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Conferences

The Weiser Center for Emerging Democracies occasionally hosts special events including conferences, workshops, and symposia that focus on the center's thematic. Details of these events can be found below.

The Contemporary Interpretation of Historical Legacies in East Central Europe

May 20-21, 2016
POLIN Museum of the History of Polish Jews, Warsaw

This conference examines how contemporary societies interpret historical legacies in post-communist Europe. Historical references and understandings permeate contemporary political and cultural debates: from Jedwabne to the IV Republic, from Galicja to the variegated and contested individual identities in Ukraine, societal actors repeatedly interpret, construct, and use instrumentally historical legacies to achieve contemporary ends. Participants will examine several facets of historical legacies and their modern interpretations. The conference will bring together anthropologists, historians, political scientists, and sociologists to reconsider and reinterpret the “weight of history” and the relevance of historical memories and legacies in the contemporary region.

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Organized by U-M's Weiser Center for Emerging Democracies and Copernicus Program in Polish Studies, in collaboration with POLIN Museum and the Robert B. Zajonc Institute for Social Studies.

Sovereignty under Threat?

May 8-9, 2015
University of Michigan, Ann Arbor

The goal of this conference was to rethink the threats to, and underpinnings of, national sovereignty, and to further explore several issues:

  • conceptualizing sovereignty: history, nations, and identities;
  • how national, regional, and ethnic groups seek and establish sovereignty;
  • how domestic institutions underpin or threaten sovereignty;
  • how (and if) domestic corruption and rent-seeking undermine sovereignty; and
  • how regional organizations and local powers (and would-be powers) affect sovereignty.

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Religion, Identity, and Politics

May 10-11, 2013
University of Michigan, Ann Arbor

This conference sought to re-examine and to rethink the mutual constitution of religion and politics, and to stimulate a lively discussion of several issues:

  • how religion differs from ethnic, linguistic, or national identities
  • how doctrine matters: in the growth of some religions, in its impact on public policy and political institutions, and in its trans-national impact
  • how states regulate religion, and the difference between favoring some religions and privileging others
  • how organized religion affects electoral cleavages, state institutions, and redistributive policies (and vice versa), and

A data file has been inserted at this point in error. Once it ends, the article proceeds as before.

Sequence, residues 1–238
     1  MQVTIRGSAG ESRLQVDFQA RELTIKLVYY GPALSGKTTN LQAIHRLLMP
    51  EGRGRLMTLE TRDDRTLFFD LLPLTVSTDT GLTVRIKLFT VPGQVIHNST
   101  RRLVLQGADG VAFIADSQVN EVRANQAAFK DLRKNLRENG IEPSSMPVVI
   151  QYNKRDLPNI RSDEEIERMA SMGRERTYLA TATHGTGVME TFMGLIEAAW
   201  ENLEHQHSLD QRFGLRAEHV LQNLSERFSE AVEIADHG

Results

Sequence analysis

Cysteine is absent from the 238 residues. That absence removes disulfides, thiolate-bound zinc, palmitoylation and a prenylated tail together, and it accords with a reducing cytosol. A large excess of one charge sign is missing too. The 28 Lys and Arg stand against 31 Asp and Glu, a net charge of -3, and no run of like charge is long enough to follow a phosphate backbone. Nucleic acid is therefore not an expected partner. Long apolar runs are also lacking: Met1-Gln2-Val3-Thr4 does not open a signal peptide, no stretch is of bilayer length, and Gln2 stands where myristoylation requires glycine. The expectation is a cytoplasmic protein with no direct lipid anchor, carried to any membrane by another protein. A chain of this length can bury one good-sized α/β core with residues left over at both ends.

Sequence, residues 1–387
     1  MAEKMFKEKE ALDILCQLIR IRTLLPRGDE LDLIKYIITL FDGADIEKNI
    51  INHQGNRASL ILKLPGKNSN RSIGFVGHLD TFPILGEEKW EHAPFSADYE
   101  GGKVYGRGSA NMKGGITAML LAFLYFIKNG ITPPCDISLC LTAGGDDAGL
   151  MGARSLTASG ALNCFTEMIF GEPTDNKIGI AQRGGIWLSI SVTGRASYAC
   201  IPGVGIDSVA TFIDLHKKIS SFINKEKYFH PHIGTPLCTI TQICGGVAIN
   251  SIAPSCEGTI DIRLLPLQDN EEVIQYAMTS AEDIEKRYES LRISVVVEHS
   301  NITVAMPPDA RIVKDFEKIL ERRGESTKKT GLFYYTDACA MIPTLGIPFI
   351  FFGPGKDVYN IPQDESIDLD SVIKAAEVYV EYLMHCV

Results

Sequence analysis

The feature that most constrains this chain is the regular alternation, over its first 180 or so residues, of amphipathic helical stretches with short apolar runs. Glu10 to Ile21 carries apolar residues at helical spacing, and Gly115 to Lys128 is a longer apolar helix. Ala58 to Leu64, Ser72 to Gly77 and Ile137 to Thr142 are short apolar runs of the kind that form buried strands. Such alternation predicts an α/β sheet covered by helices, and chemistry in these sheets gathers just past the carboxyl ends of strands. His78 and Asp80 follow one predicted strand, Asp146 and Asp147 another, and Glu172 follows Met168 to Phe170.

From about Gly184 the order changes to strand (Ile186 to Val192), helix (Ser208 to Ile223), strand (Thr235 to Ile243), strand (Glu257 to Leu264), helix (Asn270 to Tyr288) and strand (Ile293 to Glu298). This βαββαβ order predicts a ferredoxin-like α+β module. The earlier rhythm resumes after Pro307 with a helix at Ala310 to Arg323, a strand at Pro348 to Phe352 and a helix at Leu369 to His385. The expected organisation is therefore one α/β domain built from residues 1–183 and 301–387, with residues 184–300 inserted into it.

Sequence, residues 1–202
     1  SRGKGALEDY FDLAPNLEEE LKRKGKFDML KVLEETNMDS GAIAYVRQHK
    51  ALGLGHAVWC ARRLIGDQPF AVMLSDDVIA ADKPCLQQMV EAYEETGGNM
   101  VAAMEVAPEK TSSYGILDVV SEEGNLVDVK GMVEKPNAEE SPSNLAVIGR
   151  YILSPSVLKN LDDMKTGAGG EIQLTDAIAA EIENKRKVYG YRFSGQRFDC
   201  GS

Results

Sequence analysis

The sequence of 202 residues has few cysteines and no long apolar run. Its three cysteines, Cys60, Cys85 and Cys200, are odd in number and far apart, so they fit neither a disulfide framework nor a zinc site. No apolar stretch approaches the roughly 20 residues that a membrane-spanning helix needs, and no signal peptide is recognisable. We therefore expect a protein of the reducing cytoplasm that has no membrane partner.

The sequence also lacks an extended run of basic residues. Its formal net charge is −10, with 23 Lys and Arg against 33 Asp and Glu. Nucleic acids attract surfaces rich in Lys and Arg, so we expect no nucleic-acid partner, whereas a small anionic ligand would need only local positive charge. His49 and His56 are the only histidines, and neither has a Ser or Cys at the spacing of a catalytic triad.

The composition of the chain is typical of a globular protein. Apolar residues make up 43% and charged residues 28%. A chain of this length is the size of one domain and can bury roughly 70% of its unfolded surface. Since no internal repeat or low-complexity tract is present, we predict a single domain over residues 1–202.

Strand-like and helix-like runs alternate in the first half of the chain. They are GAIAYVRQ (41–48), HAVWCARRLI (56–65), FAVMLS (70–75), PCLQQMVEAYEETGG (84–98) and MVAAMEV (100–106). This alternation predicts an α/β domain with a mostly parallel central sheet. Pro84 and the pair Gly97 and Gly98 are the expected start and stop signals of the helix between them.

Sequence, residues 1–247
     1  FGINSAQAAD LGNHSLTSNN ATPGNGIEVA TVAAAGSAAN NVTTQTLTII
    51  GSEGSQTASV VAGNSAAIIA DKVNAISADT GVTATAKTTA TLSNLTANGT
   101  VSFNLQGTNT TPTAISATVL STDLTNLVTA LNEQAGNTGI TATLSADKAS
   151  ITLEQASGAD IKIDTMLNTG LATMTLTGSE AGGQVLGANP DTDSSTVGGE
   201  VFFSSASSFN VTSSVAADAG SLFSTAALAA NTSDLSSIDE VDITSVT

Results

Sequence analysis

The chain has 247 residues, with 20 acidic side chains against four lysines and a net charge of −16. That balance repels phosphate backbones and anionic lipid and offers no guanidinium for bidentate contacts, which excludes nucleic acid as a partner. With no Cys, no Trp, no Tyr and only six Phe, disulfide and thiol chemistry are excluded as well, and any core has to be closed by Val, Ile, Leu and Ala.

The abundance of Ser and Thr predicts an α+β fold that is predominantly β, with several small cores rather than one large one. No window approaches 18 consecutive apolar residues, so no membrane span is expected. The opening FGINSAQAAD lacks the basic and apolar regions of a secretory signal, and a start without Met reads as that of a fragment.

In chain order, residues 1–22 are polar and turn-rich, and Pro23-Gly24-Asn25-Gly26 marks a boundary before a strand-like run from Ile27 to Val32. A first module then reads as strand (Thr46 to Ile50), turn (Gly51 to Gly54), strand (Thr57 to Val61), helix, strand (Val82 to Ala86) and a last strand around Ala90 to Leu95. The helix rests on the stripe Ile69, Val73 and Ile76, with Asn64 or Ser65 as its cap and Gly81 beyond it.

• the rise of “fundamentalisms”—when, where, and why do they arise?

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How Autocracies Work: Beyond the Electoral Paradigm

April 15-16, 2011
University of Michigan, Ann Arbor

The goal of the conference is to weigh the current emphasis on elections and electoral institutions in autocracies against other facets of autocratic rule: repression, economic dependence, informal institutions, etc.

The burgeoning field of authoritarian regime studies has increasingly focused on the peculiarities and importance of elections, electoral institutions, and electoral participation—yet there have been few efforts to see how these interact with, substitute for, or contravene the repressive capacity of the authoritarian state and the networks of economic dependence it creates (through employment, housing, or redistribution.) How do the repressive pillars of autocratic rule interact with each other, how do they affect the durability and robustness of authoritarian rule, and how do they function across autocracies?

CONFERENCE PROGRAM

The Nines: Brinks, Cusps, and Perceptions of Possibility—from 1789-2009

December 3-5, 2009
University of Michigan, Ann Arbor

The 20th anniversary of 1989 stimulates reflections on the momentous events from Germany to China that promised change in the world. But the end of other decades—1979 in Iran and Afghanistan, the financial crisis in 1929, and in exemplary ways, 1789 in France—inspire similar commemorative reconsiderations. These and other “nines” include moments of transition and change, possibility and crisis. While the promise of democracy might frame our reflections on 1989, it is not enough to help us appreciate how other radical transformations were conceived or experienced, and indeed, what the iconic “1989” also embodied beyond democracy’s extension. We need to better understand how world-historic events shape the imagination, and how visions of the world and its perceived trajectories can shape the course of events.

In Fall 2009, the Weiser Center for Europe and Eurasia, together with other partnering units at the University of Michigan, presented programs addressing the relationship between world-historic events and alternative visions of the world embedded in these times. This series explored 1989 alongside historical transformations of the many other iconic “nines” of the modern era and the alternative futures they inspired.

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